Property tax shortfalls leading cause of customer dissatisfaction
Posted by Bill Rudzitis
Customers automatically assume that when their mortgage lender takes responsibility for administering property taxes on their behalf that the collection and remittance process will run smoothly. When it does, customers don’t give it another thought. When it doesn’t, customers become very dissatisfied with the lender as a whole.
Why are customers dissatisfied?
Most lenders collect municipal property taxes on behalf of their customers for three main reasons:
- offer a value added service to their customers by collecting the required tax portion together with their mortgage payment
- minimize corporate risk by ensuring the property tax obligation is honored
- gain access to tax escrow funds for investment purposes
At the end of each tax year, most lenders adjust the property tax portion being collected for each account. Tax adjustments that significantly increase the property tax portion result in customer questions, complaints and overall dissatisfaction. The customer dissatisfaction is heightened when the customers learn that they must make up the shortfall by paying a lump sum or an increased payment subject to additional interest charges. Furthermore, the customers learn that all this is due to a simple miscommunication or miscalculation when the tax portion was determined. Shortfalls of the property tax escrow account are a leading cause of customer dissatisfaction for many Canadian Mortgage Lenders.
Why do lenders continue to experience property tax account shortfalls?
The root cause of this customer dissatisfier is due to the fact that the property tax portion is not accurately calculated at the time of underwriting. The miscalculation primarily results from a lack of accurate property tax information made available to the customer, originator and lender. In addition, there are complex formulas required to project the collection and remittance schedule post funding.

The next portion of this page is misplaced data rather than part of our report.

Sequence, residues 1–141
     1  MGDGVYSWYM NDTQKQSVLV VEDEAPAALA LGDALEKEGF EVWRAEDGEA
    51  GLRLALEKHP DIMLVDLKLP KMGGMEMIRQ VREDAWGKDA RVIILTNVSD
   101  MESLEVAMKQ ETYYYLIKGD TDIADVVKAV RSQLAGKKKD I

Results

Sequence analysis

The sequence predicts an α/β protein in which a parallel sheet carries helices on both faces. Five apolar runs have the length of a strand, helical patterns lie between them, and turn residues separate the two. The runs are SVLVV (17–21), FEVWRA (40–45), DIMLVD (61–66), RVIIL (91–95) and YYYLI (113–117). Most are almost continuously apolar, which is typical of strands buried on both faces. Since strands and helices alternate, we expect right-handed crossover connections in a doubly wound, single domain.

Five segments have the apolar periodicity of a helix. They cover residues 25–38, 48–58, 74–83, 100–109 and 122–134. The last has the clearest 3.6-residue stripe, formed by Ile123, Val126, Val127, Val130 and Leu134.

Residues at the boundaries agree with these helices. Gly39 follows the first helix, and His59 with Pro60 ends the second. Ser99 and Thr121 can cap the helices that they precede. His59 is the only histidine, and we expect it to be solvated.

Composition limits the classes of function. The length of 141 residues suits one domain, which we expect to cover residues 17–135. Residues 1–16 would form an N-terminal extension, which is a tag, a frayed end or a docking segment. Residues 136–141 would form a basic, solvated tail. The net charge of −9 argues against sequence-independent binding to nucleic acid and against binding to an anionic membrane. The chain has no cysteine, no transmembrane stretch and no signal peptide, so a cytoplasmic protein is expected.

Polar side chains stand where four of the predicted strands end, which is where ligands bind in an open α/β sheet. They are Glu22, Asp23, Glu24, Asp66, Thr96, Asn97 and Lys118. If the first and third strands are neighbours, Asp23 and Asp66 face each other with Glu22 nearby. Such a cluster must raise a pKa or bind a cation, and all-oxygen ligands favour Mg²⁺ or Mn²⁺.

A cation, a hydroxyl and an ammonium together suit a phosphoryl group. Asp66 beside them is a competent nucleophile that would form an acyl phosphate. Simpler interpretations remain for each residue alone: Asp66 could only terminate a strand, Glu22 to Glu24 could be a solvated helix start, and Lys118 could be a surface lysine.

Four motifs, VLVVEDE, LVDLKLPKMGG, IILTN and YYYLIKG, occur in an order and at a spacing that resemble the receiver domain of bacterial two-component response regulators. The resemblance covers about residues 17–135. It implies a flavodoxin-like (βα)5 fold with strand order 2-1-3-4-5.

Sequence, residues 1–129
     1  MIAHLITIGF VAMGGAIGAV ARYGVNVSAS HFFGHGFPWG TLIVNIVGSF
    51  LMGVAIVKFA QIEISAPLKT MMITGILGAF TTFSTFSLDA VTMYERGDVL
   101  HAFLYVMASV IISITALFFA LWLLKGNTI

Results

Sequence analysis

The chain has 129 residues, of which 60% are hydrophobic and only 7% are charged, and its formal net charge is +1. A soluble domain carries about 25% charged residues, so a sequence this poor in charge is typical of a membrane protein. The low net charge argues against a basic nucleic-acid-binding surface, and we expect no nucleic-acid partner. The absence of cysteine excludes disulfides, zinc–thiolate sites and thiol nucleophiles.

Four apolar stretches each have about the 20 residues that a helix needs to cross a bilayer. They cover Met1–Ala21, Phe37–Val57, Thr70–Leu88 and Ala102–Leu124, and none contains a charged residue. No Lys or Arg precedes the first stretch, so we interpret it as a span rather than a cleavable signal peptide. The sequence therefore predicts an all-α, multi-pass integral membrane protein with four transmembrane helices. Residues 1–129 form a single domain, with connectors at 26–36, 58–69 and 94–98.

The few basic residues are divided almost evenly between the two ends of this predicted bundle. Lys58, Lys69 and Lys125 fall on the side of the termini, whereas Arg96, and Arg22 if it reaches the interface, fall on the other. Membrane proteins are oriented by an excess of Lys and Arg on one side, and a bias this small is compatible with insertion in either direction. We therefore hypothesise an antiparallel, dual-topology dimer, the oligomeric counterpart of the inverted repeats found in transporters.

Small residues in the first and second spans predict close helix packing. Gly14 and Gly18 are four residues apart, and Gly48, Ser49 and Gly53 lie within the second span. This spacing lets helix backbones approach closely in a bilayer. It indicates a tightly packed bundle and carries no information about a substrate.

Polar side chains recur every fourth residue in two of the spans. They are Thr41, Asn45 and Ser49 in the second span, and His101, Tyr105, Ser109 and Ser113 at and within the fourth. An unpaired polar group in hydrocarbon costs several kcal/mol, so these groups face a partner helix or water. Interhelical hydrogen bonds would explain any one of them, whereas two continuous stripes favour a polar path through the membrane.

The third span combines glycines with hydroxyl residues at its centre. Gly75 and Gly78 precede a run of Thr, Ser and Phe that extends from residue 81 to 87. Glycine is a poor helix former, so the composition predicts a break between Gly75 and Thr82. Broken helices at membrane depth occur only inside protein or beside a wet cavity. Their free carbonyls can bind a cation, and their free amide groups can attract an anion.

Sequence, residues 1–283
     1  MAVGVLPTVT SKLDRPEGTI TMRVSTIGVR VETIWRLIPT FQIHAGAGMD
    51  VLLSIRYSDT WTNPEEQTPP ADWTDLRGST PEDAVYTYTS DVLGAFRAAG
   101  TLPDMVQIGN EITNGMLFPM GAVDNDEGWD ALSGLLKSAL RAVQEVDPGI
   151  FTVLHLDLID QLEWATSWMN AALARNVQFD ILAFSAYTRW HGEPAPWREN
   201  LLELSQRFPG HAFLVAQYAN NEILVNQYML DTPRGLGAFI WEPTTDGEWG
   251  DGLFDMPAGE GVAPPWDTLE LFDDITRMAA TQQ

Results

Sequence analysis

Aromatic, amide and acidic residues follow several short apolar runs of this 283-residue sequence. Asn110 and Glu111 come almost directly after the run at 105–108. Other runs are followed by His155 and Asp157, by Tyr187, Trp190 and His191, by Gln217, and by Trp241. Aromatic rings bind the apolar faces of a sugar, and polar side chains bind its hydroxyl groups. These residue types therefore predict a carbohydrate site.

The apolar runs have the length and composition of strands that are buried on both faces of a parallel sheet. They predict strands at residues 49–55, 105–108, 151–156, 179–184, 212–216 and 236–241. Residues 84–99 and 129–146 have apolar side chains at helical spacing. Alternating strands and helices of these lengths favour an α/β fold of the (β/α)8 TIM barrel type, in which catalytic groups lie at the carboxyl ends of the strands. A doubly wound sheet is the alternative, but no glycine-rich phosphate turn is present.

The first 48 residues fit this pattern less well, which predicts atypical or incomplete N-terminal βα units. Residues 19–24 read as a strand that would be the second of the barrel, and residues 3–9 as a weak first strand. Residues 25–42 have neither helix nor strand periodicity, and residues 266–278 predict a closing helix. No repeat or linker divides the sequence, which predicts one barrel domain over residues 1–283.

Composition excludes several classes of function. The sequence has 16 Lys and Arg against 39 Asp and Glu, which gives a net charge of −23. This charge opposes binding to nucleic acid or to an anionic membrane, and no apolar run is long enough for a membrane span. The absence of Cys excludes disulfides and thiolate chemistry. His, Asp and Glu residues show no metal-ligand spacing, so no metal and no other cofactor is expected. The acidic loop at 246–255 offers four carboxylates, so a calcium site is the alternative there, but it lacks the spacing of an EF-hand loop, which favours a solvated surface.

In some cases, lenders find it difficult to simply identify in which municipality the property is located! In this case, properties are often setup with the incorrect municipality causing taxes to be paid after the due date or missed altogether.
Time is money. How much are you spending?
In an attempt to solve this problem, lenders are spending a significant amount of time, valuable resources and service charges contacting municipalities to obtain the information regarding the tax levy and the bill payment dates for each property. The correct projection of the payment schedule relies on accurate details and as the formulas are in many cases, complex; many lenders are forced to simply take the annual tax levy and divide it by the number of mortgage payments in the year (eg: 12 months or 52 weeks etc.). This simplistic approach often results in costly tax shortfalls and the need for adjustments at the end of the first year.
If you are interested in learning about how Delta 360 has addressed this problem, please see the below link: